I just tried to drive a brand new car into a brick wall.

It didn’t work.

This was a 2017 Subaru Outback with EyeSight Driver Assist Technology, which includes Pre-Collision Braking. We don’t have autonomous vehicles on Maine roads yet, but this system is getting pretty close.

I wanted to try Adaptive Cruise Control, Lane Keep Assist, and Pre-Collision Braking systems, so I borrowed a vehicle from my local Subaru dealership, Pape. These three functions are part of the EyeSight Technology, which uses cameras to monitor the road and traffic surrounding the vehicle.

I didn’t dare experiment with Rear Cross Traffic Alert or Lane Change Assist around other cars, because I didn’t want to freak out nearby drivers. Those two systems warn the driver when radar senses vehicles approaching in the rear when backing up, or passing in the blind spot when changing lanes.       

Not stepping on the brake pedal takes some getting used to, but the Adaptive Cruise Control worked well through rush hour traffic on I-295 through Portland. This system uses cameras to sense the distance to vehicles in front of the car.

I set my desired speed and distance to follow the car ahead of me, and as cars exited and entered the highway, the Outback accelerated, decelerated, and braked on its own to maintain the distance and speed.    

Off the highway, where it was less congested, I tried to drift towards the center line and the Lane Keep Assist system steered the Outback back into my lane. This system uses the cameras to watch the lane markers, and if the blinker isn’t on, it turns the steering gear.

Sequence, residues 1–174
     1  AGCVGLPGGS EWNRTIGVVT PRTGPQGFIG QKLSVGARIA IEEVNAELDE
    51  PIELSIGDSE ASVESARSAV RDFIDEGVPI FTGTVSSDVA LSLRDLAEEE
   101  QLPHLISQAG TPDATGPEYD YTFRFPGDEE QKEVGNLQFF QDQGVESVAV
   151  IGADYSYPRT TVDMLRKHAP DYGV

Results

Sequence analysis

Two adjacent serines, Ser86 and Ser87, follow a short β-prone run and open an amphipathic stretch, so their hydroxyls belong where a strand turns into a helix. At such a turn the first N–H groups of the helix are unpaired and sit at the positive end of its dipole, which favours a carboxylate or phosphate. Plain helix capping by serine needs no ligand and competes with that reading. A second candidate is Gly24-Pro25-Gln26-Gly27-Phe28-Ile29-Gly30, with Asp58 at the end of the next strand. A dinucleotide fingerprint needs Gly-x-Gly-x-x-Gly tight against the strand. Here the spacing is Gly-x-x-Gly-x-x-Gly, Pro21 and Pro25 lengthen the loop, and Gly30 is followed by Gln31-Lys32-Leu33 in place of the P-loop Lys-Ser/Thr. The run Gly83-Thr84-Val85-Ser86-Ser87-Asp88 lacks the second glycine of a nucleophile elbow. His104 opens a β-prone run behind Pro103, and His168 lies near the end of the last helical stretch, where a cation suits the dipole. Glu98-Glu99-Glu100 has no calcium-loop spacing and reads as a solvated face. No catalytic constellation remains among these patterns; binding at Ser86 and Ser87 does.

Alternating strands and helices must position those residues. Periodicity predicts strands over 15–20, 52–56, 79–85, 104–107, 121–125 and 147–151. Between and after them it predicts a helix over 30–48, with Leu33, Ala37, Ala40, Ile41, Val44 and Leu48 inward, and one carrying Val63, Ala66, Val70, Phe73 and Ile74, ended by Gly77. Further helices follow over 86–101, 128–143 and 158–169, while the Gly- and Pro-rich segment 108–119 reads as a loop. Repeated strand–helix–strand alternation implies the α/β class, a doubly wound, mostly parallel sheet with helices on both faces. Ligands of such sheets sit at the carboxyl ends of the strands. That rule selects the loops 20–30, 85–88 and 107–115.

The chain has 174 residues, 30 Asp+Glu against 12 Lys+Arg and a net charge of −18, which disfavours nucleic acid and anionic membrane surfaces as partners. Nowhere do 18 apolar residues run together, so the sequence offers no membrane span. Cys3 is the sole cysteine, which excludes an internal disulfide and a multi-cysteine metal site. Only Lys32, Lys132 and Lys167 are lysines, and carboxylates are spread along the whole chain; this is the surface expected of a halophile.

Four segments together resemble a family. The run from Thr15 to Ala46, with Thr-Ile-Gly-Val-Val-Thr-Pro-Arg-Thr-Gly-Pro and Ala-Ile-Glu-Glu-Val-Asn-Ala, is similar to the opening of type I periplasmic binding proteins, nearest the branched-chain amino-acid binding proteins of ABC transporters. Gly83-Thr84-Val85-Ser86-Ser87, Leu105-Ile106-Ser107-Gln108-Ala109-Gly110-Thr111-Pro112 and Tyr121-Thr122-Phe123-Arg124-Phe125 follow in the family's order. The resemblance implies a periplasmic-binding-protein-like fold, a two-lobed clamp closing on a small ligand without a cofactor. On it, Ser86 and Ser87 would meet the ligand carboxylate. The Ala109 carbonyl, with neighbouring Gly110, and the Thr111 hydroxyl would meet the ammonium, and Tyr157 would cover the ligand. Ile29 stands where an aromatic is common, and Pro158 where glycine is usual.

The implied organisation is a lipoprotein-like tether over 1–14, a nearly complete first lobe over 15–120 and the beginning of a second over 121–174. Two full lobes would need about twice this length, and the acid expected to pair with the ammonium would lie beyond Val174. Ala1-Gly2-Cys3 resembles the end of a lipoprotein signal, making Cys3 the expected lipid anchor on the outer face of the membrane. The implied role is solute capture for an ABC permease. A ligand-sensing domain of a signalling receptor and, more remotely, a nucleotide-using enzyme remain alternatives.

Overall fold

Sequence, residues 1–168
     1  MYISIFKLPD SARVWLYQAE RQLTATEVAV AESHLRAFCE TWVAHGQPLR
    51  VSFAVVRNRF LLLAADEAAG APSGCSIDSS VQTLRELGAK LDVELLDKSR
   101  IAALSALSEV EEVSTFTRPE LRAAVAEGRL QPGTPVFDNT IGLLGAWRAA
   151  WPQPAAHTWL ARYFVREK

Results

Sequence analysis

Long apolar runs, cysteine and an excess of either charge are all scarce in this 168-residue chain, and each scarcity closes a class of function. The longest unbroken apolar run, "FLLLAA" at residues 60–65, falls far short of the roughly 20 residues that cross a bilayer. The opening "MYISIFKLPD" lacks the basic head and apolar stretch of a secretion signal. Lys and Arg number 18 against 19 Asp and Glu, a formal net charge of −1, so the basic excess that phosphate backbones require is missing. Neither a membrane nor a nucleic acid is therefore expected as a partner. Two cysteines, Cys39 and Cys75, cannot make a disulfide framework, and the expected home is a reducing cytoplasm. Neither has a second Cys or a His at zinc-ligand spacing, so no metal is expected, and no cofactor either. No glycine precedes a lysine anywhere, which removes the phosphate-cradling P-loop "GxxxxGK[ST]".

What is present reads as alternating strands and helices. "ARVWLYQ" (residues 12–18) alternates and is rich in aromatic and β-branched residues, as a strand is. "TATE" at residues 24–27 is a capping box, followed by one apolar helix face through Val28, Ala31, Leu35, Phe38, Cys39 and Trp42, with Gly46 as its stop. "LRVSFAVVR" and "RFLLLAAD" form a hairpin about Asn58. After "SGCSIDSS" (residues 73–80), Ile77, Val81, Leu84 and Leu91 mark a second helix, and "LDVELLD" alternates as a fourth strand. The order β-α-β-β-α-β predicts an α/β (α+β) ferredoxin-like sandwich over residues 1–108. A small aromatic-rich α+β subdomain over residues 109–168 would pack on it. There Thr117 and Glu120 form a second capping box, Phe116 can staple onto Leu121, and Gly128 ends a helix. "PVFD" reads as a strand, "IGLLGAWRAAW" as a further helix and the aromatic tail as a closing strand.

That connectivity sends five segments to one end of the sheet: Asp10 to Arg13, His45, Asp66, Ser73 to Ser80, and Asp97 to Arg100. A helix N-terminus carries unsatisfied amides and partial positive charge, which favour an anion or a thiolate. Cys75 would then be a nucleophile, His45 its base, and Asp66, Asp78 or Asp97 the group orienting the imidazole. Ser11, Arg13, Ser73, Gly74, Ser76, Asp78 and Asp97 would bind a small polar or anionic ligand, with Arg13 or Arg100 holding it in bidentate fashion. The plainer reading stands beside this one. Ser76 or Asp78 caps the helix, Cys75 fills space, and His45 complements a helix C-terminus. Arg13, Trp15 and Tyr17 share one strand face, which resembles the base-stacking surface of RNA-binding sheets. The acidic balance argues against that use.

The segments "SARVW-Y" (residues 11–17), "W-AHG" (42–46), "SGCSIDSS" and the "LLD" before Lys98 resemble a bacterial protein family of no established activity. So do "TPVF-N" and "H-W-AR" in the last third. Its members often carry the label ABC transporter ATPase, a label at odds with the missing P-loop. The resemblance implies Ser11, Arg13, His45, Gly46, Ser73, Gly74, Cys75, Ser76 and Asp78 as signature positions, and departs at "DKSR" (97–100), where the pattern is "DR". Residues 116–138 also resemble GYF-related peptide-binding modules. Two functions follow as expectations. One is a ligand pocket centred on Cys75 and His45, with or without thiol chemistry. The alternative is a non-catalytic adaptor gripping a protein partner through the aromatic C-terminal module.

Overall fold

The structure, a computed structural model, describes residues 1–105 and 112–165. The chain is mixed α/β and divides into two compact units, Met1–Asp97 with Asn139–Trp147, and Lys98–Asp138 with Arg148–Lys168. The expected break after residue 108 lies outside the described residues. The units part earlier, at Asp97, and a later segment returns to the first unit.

Some Maine towns are going to have to step up their work painting the travel lanes on their roads for this system to work, but on the Maine Turnpike or I-295, it’s a good fit.  Lane Keep Assist might be a three-season system here, since it won’t work if the lines are obscured with salt brine or snow.

In a parking lot away from other cars, I chose the wall of a deserted shopping center to try Pre-Collision Braking.  This system uses the cameras to detect objects in the path of travel, monitors the speed of approach, and pumps brake fluid to stop the car. If I had my foot on the accelerator, the Pre-Collision Throttle Control would first cut back the throttle, but I was too much of a wimp to try it.

My first few attempts at trusting the system failed, because every fiber of my being was conditioned to step on the brake pedal. I felt like a back seat driver even though I was the driver.

I finally coasted up to the wall from a few feet away, and the car magically, abruptly, firmly stopped without any action by me. If it had braked sooner and gradually, or left more space between the bumper and the wall, I would have been more comfortable.  Pre-Collision Braking leaves control in the hands of the driver until the last critical moment.    

I love this technology, but it’s weird to drive a vehicle that has so much control over its operation. Control freaks may not want to drive with this system.

But since it’s a common trait to blame traffic problems on everyone else, while insisting that our own driving is beyond reproach, we can all agree that EyeSight is a great system … for everyone else, at least.

Ruth Morrison is an Automotive Technology Instructor and Department Chair at Southern Maine Community College. She holds certification as an ASE Master Technician and Advanced Level Specialist and was a former Ford Senior Master Technician. 


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